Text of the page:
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Vol. 63. Issue 9.
Pages 1087 (September 2010)
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Vol. 63. Issue 9.
Pages 1087 (September 2010)
DOI: 10.1016/S1885-5857(10)70212-7
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Infective Endocarditis and Sudden Death
Endocarditis infecciosa y muerte súbita
Delicia I. Gentille-Lorentea, Lluís Pons-Ferréb
a Servicio de Cardiología, Hospital de Tortosa Verge de la Cinta, IISPV, Tarragona, Spain
b Servicio de Anatomía Patológica, Hospital de Tortosa Verge de la Cinta, IISPV, Tarragona, Spain
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A 29-year-old man was hospitalized for headache, confusion, and fever of up to 40.3°C, of 3 days' evolution. His medical history had recorded that he was a tobacco and cannabis smoker and parenteral drug user (heroin and cocaine), and had chronic liver disease due to hepatitis C virus infection. On physical examination, the patient was found to be somnolent and disoriented; the remaining examination was unremarkable. Laboratory analyses disclosed elevated transaminases and leukocytosis of 32´109 with neutrophilia. The electrocardiogram, cranial computed tomography scan, and chest radiograph were normal, but lumbar puncture showed acute inflammatory cerebrospinal fluid. The suspected diagnosis was herpes encephalitis; however, Staphylococcus aureus was isolated in 2 blood cultures. The transthoracic echocardiogram was normal, but transesophageal echocardiography detected mitral endocarditis. A 3´3-mm diameter mobile vegetation was attached to the base of the atrial surface of the posterior mitral leaflet, which was perforated and caused mild mitral regurgitation.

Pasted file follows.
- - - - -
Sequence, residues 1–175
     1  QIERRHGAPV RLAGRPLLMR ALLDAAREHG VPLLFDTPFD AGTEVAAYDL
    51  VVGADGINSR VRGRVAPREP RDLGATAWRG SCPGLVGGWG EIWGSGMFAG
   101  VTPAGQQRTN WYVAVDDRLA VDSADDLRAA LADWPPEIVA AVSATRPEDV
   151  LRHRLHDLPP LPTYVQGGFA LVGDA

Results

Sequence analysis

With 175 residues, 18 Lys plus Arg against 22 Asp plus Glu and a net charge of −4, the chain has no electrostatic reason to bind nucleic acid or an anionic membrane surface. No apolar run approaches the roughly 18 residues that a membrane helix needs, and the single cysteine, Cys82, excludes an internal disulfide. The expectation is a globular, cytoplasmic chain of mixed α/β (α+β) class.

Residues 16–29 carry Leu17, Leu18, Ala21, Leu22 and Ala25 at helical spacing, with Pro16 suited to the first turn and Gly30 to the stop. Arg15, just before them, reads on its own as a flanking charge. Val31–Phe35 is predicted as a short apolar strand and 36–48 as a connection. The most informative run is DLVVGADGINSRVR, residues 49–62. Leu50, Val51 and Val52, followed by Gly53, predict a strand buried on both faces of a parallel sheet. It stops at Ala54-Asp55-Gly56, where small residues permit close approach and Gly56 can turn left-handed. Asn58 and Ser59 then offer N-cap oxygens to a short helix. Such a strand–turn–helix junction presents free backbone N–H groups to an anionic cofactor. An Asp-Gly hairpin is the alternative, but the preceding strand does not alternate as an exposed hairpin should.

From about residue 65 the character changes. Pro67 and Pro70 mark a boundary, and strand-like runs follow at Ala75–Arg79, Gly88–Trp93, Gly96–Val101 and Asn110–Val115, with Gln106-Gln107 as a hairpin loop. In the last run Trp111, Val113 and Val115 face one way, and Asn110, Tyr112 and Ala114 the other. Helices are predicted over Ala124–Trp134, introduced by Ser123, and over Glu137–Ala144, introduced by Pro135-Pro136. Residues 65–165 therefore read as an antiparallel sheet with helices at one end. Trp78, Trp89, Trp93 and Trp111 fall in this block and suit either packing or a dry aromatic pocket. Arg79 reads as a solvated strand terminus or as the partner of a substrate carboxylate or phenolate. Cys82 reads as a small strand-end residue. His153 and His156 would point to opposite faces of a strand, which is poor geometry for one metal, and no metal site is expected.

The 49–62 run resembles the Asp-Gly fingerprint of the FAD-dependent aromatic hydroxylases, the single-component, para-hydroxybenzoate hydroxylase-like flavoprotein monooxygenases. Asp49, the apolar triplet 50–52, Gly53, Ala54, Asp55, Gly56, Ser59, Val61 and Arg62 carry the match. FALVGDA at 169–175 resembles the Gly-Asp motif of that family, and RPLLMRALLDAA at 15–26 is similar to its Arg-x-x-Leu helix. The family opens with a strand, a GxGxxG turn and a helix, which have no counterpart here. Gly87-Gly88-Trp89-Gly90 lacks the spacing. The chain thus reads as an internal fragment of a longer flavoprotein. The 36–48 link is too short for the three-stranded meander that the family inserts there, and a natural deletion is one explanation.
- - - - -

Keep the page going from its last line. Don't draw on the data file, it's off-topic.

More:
The patient was stable and afebrile on antibiotic treatment while awaiting valve surgery, when he presented sudden electromechanical dissociation and died. The autopsy showed cardiac tamponade caused by a hemopericardium (Figure 1) and endocarditis of the posterior mitral leaf, which was perforated and complicated by a perivalvular myocardial abscess that was fistulized to the pericardial cavity (Figures 2 and 3 [detail]). Inactive chronic liver disease was also found.

Figure 1.

Figure 2.

Figure 3.

Sudden death caused by a massive hemopericardium and cardiac tamponade secondary to a fistulized myocardial abscess is an extremely uncommon, fatal complication of infectious endocarditis.

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Revista Española de Cardiología (English Edition)

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